A great white shark is swimming through the Gulf of Mexico toward Texas -- and people across the U.S. are watching its progress.
The shark known as "Katharine" was tagged by scientists last year off Cape Cod and is now pinging radars as it swims through the gulf, the Houston Chronicle first reported.
A dozen or so other sharks have also been tagged and named and are swimming off the East Coast of the U.S. and the west coast of Florida, as well as throughout the world.
Katharine is swimming off the Florida coast now and, according to the Chronicle, could be past the Mississippi River within one week and off the Texas shores the following week.
Chris Fischer, founder of the group, said that tracking Katharine is vital to helping understand where sharks spawn. If she does not return to Cape Cod this summer, it could mean that she is pregnant and will have a "pup" in about a year. Scientists are trying to gather more information about shark breeding to help protect them, he said.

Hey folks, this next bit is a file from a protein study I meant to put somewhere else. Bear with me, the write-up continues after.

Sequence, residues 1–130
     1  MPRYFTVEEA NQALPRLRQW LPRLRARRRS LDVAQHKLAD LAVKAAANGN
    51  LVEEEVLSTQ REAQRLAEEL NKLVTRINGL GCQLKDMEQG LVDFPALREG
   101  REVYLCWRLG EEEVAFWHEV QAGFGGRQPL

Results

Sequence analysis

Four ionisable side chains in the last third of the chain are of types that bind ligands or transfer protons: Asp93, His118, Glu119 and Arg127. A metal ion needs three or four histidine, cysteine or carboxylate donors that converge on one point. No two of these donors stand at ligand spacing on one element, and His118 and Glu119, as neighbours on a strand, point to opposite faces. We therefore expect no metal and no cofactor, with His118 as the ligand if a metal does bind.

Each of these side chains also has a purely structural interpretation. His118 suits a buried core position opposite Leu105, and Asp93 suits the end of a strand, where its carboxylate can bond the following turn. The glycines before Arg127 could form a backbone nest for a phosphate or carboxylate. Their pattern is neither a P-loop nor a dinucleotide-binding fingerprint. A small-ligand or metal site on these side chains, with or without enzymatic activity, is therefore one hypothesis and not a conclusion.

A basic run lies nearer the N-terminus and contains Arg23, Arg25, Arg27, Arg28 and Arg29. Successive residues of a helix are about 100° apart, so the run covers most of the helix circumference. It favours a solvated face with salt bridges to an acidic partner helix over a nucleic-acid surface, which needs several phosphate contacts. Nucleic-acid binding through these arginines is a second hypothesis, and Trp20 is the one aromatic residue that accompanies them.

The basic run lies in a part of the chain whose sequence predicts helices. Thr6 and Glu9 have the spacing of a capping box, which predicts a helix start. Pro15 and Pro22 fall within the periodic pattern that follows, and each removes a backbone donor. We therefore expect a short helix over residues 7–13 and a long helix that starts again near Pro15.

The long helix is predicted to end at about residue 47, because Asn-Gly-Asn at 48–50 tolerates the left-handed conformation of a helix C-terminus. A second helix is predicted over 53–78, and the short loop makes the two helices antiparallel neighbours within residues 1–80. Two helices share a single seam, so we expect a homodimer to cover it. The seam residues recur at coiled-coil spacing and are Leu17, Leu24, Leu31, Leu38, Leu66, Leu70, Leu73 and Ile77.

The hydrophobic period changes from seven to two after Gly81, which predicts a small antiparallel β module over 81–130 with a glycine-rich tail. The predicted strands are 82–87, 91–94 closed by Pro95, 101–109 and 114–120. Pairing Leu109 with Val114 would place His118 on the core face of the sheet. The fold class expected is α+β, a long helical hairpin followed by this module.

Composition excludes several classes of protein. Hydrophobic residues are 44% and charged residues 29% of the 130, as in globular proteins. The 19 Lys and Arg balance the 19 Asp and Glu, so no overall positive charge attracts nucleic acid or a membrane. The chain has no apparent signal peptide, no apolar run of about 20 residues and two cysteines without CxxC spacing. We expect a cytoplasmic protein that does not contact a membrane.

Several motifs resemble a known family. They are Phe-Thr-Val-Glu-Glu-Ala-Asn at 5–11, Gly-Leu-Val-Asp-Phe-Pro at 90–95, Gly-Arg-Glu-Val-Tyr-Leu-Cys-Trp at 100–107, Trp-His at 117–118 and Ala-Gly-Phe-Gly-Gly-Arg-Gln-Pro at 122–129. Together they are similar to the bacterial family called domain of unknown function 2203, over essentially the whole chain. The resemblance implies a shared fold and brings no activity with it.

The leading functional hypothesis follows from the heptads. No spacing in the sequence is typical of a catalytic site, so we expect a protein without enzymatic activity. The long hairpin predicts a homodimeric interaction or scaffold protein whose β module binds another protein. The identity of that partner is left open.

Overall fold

"We’re thrilled with Katharine. The project has been open source so the public can track it in real time, and we've gotten a massive tidal wave of enthusiasm for it," Fischer said.
"So we’ve brought fisherman and scientists together to capture and release sharks to help solve the puzzle of their lives, which is where they’re breeding and giving birth, so we can leverage that information to help sharks recover from the immense pressure they’ve been under. It's absolutely crucial," he said.
"Every track is giving us new information and going contrary to all the assumptions that we were going on," said Dr. Robert Hueter, director of the center for shark research at Mote Marine Laboratory. "Having them in the gulf is something we thought happened in the winter time."
Katharine is a 14-foot, 2,300 pound fish. According to the data on Ocearch, she swam around the tip of Florida, stopping around Key West, before swimming north up the Gulf Coast. She is due south of Panama City Beach currently, according to the map.
There are four tagged sharks off the coast of Georgia, one each off the coasts of South Carolina, North Carolina, and Virginia, and two off the coast of New York's Montauk.